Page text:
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Story by Mass Communication Specialist 2nd Class Susan C. Damman

BREMERTON, Wash. – Sailors aboard USS John C. Stennis (CVN 74) celebrated Hispanic Heritage Month in the ship’s hangar bay, Oct. 4.

The celebration, hosted by John C. Stennis’ Multi-Cultural Heritage Committee (MCHC), featured guest speakers from the ship’s crew, music, dancing and food.

“Let us not be ashamed of who we are or where we come from, but let’s celebrate today that we’re Americans with a lot to offer to the world,” said Lt. j.g. Gabriel Sanchez, from Ruskin, Fla., one of the speakers at the event. “As we observe Hispanic Heritage Month, please know that we are all created equal and it is truly an honor and a pleasure to serve alongside you all.”

Hospital Corpsman 3rd Class Cecibel Montesdeoca, from Newark, New Jersey, shared information about her home country of Ecuador, and Personnel Specialist 3rd Class Luz Pradaholguin, from Cali, Colombia, spoke about Colombia. They discussed the geographic and biological diversity and described the meaning of the countries’ flags.

Seventeen percent of enlisted Sailors and eight percent of Naval officers identify as Hispanic, according to Chief of Naval Personnel Public Affairs.

“Sailors should appreciate one another and understand that the Navy is made up of all these different cultures, ethnicities and backgrounds,” said Yeoman 3rd Class Jazmin Maria, from Robbins, N.C., MCHC president. “We’re a big melting pot.”

Sailors demonstrated Merengue and Bachata dancing and invited the crowd to join in. The MCHC provided snacks including pan dulce and Mexican candies coated in chili powder.

Hispanic Heritage Month runs Sept. 15 – Oct. 15, which includes the Independence Day anniversaries for Costa Rica, El Salvador, Guatemala, Honduras, Nicaragua, Mexico, and Chile.

John C. Stennis is in port training for future operations after completing flight deck certification and conducting carrier qualifications.

For more news on John C. Stennis, visit http://www.stennis.navy.mil or follow along on Facebook at http://www.facebook.com/stennis74.

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Story by Mass Communication Specialist 3rd Class Cole C. Pielop

BREMERTON, Wash. – USS John C. Stennis (CVN 74) returned to its homeport of Bremerton, Wash., after a successful three-week underway, Sept. 22.
During the underway, the longest since completing a Planned Incremental Availability (PIA) at Puget Sound Naval Shipyard five days ahead of schedule, the crew accomplished important milestones in their return to operations by conducting training, testing systems and equipment, and completing a critical certification.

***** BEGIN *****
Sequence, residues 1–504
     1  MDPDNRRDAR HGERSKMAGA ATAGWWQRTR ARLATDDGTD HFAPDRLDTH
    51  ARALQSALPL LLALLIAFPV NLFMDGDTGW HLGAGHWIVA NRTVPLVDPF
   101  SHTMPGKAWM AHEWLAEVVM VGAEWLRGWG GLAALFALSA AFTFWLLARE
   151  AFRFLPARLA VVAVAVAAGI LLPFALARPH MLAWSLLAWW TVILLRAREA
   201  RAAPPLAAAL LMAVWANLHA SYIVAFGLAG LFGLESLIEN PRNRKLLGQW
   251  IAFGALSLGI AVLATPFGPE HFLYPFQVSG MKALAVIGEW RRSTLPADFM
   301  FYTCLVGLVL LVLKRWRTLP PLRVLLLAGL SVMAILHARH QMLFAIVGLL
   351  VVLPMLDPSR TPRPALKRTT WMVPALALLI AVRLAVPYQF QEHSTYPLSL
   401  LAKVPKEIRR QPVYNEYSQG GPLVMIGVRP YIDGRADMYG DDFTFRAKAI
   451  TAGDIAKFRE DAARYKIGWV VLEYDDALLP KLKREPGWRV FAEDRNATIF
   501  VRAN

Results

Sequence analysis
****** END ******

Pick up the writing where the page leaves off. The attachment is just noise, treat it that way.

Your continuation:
“The crew performed above all expectations,” said Capt. Greg Huffman, commanding officer of John C. Stennis. “From our engineers keeping our systems running to the vital flight deck certification demonstrating our readiness to carry out the core mission of an aircraft carrier, I saw a professional crew executing their mission. The crew’s performance was extraordinary, particularly after a long period where we focused their expertise on maintenance.”

Representatives from Commander, Naval Air Forces, Pacific observed flight operations to evaluate how well the ship was able to launch, recover and taxi aircraft to complete flight deck certification. Once the deck was certified, naval aviators from Carrier Air Wing Nine and Strike Fighter Squadron 122 practiced launching and recovering on a moving flight deck, during both the day and at night, for carrier qualifications.

“This underway was an important step towards becoming operational following the maintenance period and doing what we do best, launching and recovering warplanes to fight the fight,” Huffman explained.

Sailors also carried out damage control training with general quarters drills, conducted replenishments-at-sea, tested ship defense equipment and took time to honor deceased Sailors during a burial-at-sea.

For many Sailors, this was their first significant period at sea.

“I’ve been in for almost eight years and this is my first sea command,” said Master-at-Arms 1st Class Cody Crane, from Cave Creek, Ariz. “I got here just after the Hawaii underway and everything was torn down and covered up. Now that we’re in the open ocean it feels like we are really doing our job. All of the things we have been training for we are finally putting to use.”